Here, we report a 21-year-old female presented with a medical history of recurrent seizures (clonic–tonic type) with an intellectual development disorder. She had a seizure episode of 5 min 1 day before admission to the hospital. She has been taking levipil 500 mg 1-0-1 for seizure disorder for 8 years. On clinical examination by the psychiatry unit, she had a history of loss of consciousness (5–10 min), blurring of vision, poor academic performance, and slurring of speech. She had a history of motor delay (clubfoot). A clinical psychologist reference was taken and an intelligence quotient assessment was conducted; the result showed borderline intelligence. Psychiatry history was taken with the patient and informant (mother). The patient's mother gives a history of abnormal behavior for 8 years in the form of dropping things which she would be holding to the ground and decreased muscle tone. She also reports that her daughter experienced these symptoms whenever she was distressed and worried. The patient is able to respond to commands at that time. Psychomotor agitation was normal, and speech was coherent and relevant. CT scan of brain was carried out and in the [Figure 1] it was revealed that bilateral focal cortical thickening extending to the level of the vertex along the Sylvian fissures. Treatment interventions included valproate four tablets in two divided doses (2-0-2), levipil 500 mg twice daily (levetiracetam), clobazam 10 mg at night, and lamotrigine 50 mg twice daily. Electroencephalography findings were within normal limits and had no episode of seizure after hospitalization.
Figure 1: (a and b) Cranial computed tomography demonstrating bilateral focal cortical thickening extending to the level of the vertex along the Sylvian fissures. Brain MRI scan demonstrating perisylvian polymicrogyria in (c) coronal and (d) sagittal views

Click here to view



  Discussion Top


Causes of congenital bilateral perisylvian syndrome

The exact etiology is unknown; according to sources, it is said that there is an abnormal growth of the outer surface of the brain (cerebral cortex) during embryonic growth (neuronal dysmigration).

Overview of congenital bilateral perisylvian syndrome symptoms

Apnea, aspiration, cerebellar dysplasia (presence of abnormal cells within a tissue that are noncancerous),[3] delayed speech and language development, drooling, intellectual disability, language impairment, and seizures are the symptoms observed in Bilateral Perisylvian Syndrome. Seizures in congenital bilateral perisylvian syndrome (CBPS) typically occur between the ages of 4 and 12 years old and are poorly managed in around 60% of patients. In the series described by Gowda et al., epilepsy was identified in over 90% of the patients. Perisylvian syndrome has a wide range of epileptic manifestations in infants such as general tonic–clonic seizures and typical and atypical absences.[4]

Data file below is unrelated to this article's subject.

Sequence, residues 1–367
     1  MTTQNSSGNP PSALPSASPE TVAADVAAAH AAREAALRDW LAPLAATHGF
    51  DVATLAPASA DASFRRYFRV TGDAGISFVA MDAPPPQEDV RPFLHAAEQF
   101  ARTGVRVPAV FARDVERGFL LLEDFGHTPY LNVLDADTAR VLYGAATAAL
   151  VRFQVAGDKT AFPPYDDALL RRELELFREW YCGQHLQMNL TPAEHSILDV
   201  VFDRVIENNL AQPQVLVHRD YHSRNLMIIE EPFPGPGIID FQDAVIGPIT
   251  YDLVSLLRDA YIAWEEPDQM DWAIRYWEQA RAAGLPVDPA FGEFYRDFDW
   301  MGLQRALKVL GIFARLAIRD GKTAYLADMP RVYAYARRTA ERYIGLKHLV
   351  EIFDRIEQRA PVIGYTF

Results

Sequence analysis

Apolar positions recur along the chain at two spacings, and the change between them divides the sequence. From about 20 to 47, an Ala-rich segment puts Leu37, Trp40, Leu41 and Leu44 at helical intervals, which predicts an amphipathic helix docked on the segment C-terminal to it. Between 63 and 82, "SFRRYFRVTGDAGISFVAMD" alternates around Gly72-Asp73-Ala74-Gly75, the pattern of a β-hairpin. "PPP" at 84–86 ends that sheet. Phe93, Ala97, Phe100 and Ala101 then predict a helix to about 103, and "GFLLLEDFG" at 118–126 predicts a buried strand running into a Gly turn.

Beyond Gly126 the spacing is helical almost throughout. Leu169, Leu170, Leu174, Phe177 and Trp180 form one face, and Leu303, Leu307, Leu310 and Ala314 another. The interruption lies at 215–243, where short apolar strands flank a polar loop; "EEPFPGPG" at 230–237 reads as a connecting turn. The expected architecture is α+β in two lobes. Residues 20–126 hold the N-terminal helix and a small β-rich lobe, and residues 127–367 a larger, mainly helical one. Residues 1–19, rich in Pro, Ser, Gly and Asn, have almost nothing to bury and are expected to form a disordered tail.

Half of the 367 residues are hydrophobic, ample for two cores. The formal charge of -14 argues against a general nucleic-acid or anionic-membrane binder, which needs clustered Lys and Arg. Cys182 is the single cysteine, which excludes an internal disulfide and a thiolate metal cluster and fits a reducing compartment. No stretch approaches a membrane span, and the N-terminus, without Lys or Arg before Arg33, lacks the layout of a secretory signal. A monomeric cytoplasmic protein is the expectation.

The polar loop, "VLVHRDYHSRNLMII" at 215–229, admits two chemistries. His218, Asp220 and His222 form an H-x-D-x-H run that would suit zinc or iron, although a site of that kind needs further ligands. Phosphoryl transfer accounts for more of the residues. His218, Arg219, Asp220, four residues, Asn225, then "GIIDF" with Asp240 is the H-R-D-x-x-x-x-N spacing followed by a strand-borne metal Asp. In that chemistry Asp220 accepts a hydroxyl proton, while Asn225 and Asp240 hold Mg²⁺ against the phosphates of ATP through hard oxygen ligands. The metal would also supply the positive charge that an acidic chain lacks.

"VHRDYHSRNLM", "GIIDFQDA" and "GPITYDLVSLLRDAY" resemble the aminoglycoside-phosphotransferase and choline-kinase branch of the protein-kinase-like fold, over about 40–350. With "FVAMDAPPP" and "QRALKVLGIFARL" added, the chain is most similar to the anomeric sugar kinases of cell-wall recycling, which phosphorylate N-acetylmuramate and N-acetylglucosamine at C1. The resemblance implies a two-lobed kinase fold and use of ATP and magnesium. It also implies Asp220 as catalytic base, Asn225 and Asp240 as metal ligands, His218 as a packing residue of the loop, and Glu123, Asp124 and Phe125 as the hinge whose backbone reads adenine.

Clinical management of congenital bilateral perisylvian syndrome

The primary therapy for CBPS is anticonvulsants, which prevent and manage seizures triggered by CBPS. If pharmacotherapy that is medications used to control seizures is ineffective then, the physician along with a team of neurologists and surgeons refer and plan for surgical intervention. The surgical procedure is known as corpus callosotomy, and it includes the removal of tissue in specific parts of the brain, which may result in the prevention of recurrent seizures.[4]

Anticonvulsant toxicity

Confusion, rapid involuntary eye movements, ataxia lethargy, coma, respiratory depression, and death are the symptoms observed in anticonvulsant toxicity. One of the important anticonvulsant features is to cause depression due to excitatory and inhibitory mechanisms of the central nervous system (CNS).

Dysrhythmia is the most common complication of epilepsy. Few anticonvulsants are known to cause seizures. Medications that block sodium channels, such as lamotrigine, carbamazepine, valproic acid, and phenytoin, can cause cardiac conduction abnormalities as well as abrupt blood pressure and heart rate alterations such as sinus bradycardia, sinus tachycardia, and hypotension.[5]